June 20-26, 2022: Poetry from Rp Verlaine and Joan Fingon

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Rp Verlaine

Rp Verlaine lives and writes in New York City. He has an MFA in creative writing from City College and taught English in New York public schools until he retired. He has several collections of poetry including Damaged by Dames & Drinking (2017), Femme Fatales Movie Starlets & Rockers (2018), and Lies From The Autobiography 1-3 (2018-2020).

The following work is Copyright © 2022, and owned by Rp Verlaine and may not be distributed or reprinted in any form whatsoever without written permission from the author.

Lilli

Was maybe 4’11”
but always wore boots
with lifts that made her
a height that she said
gave her large enough
shadows to keep
crack heads and weirdos
at a safe enough distance.

She’d call me late
on weekday nights
to ask why I was doing.

Writing letters to god
with no hope
of a reply, I’d say.
You write any poems
about me? She’d ask.
Working on it, I’d say.
Mind if I come by?
You always make me laugh
and the sex is usually good.

Also, we drank 
a lot unconcerned.
It was amazing how
much a woman her size
could drink.

As a lover she was
even better and held on to me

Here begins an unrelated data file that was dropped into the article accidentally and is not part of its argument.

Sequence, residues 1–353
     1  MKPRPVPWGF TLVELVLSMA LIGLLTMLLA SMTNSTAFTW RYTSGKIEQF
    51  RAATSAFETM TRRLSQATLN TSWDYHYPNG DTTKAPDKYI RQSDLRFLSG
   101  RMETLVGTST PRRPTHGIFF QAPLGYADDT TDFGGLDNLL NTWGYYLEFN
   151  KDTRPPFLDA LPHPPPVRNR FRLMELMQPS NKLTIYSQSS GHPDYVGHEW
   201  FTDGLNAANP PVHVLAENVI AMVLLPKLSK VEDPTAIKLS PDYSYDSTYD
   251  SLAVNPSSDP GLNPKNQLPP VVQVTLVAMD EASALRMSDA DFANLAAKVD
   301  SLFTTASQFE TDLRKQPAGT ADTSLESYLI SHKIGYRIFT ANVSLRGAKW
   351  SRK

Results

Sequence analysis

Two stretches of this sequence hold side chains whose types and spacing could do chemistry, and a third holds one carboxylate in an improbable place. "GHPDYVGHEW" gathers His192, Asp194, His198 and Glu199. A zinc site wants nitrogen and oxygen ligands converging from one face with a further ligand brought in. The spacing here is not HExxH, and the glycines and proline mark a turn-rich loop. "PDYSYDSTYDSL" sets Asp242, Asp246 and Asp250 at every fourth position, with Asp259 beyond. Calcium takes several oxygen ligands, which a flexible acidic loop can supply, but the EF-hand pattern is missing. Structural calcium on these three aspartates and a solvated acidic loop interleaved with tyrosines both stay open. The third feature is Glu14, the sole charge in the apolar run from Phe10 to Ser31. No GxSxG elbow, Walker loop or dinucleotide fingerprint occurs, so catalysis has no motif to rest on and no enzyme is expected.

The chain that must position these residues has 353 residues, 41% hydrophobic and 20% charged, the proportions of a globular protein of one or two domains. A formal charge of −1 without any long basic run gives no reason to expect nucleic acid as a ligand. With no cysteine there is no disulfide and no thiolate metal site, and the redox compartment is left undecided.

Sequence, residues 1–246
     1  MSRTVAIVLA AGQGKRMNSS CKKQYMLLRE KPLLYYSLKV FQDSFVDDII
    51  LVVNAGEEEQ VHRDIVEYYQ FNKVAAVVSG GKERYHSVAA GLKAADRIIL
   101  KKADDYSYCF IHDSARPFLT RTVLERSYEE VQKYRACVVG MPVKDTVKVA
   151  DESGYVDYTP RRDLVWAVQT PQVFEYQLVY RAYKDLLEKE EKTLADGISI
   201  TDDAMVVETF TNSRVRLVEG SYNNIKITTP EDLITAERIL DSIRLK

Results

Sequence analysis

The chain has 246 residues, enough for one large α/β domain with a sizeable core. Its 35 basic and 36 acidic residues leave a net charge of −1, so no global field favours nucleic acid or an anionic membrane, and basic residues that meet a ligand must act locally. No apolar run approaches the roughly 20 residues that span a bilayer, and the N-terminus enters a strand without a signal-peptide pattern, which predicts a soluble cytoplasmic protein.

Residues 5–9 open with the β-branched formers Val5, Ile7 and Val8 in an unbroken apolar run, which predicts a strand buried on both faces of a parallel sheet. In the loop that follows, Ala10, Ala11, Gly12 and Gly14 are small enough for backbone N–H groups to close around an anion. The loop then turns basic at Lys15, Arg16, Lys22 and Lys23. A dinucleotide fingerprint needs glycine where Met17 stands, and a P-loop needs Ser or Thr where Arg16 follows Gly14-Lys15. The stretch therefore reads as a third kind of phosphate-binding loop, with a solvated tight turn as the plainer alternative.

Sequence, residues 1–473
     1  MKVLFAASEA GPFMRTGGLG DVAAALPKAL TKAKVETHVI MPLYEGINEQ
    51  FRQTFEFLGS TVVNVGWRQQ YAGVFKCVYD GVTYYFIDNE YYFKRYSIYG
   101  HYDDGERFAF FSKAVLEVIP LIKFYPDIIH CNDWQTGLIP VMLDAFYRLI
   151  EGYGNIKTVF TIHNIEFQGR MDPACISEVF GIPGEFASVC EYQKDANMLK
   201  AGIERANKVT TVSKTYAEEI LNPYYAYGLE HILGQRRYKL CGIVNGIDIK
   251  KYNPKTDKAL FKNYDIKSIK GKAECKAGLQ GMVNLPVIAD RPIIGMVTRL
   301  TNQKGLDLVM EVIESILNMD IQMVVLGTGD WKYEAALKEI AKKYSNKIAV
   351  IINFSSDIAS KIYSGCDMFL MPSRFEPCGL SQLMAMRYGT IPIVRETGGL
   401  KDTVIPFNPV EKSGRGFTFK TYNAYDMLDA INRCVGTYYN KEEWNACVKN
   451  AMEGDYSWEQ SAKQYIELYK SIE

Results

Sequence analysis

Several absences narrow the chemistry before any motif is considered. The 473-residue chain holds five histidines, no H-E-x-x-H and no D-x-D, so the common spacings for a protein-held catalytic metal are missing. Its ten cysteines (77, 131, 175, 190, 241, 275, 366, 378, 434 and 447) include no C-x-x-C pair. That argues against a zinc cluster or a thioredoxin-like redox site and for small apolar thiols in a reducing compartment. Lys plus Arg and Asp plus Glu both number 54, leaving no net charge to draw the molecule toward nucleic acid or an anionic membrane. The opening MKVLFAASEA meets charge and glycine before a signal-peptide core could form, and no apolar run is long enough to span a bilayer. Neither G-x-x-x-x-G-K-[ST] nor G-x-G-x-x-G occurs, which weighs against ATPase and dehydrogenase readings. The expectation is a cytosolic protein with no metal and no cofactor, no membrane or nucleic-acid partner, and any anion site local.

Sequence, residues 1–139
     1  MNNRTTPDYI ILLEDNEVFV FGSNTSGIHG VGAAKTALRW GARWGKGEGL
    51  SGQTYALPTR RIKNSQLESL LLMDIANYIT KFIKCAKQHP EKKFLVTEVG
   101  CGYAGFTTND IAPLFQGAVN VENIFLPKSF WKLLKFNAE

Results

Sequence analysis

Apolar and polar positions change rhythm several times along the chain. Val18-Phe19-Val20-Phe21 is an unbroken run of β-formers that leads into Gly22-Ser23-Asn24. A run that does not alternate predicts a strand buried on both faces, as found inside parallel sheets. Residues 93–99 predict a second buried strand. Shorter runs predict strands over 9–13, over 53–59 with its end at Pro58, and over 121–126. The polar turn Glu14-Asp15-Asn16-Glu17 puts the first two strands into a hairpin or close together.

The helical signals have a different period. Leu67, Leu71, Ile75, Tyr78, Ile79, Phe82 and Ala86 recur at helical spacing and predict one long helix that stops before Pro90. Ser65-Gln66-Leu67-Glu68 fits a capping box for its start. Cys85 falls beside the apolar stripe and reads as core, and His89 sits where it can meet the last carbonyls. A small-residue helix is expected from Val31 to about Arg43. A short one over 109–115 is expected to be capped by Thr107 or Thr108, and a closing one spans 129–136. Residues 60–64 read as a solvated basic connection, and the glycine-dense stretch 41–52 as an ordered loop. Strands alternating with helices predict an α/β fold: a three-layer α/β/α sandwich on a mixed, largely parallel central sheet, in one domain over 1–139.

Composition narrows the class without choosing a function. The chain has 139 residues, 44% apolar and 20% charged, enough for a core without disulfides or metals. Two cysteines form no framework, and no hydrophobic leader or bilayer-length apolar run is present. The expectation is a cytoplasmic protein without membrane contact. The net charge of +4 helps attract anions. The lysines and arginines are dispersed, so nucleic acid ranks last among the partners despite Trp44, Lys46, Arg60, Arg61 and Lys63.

tighter than most.

The last time she called me
she told me she was very ill
and leaving New York
for her mom’s house in Maine.
Four years later 
when I saw her again
I didn’t recognize her.
A rare blood disease
and bad liver had
aged her beyond her years.

Not long after, she died.
Spending her final days in church
praying for god to save her.

I think of her sometimes
missing her a great deal
I’d have to say at 4’11”,
she stood taller than most

Joan Fingon

Joan C. Fingon lives in sunny Ventura, California. She enjoys writing and reading poetry in her back garden. Among her many haiku publications, The Drunken Honeybee: A Collection of Haiku and Senryu is her first poetry book.

The following work is Copyright © 2022, and owned by Joan Fingon and may not be distributed or reprinted in any form whatsoever without written permission from the author.

The Diner

standing outside the diner
in a small town
pushing the door handle
warm to her touch
in the midday sun

strange sounds
of people talking
drinking coffee
sitting in red vinyl booths
take a quick glance
and look away
she steps inside as the bell
tinkles overhead

“Do you know me?” she says
to the man at the counter
he shakes his head
and turns towards the kitchen
“Hey Harry, Sheila’s here.”

Harry comes out
from behind the swinging doors
all dressed in white
wiping his hands on a towel
smiles, takes her hand, and says
“Come on Sheila, let’s get you home,
I am Uncle Harry, remember me?”

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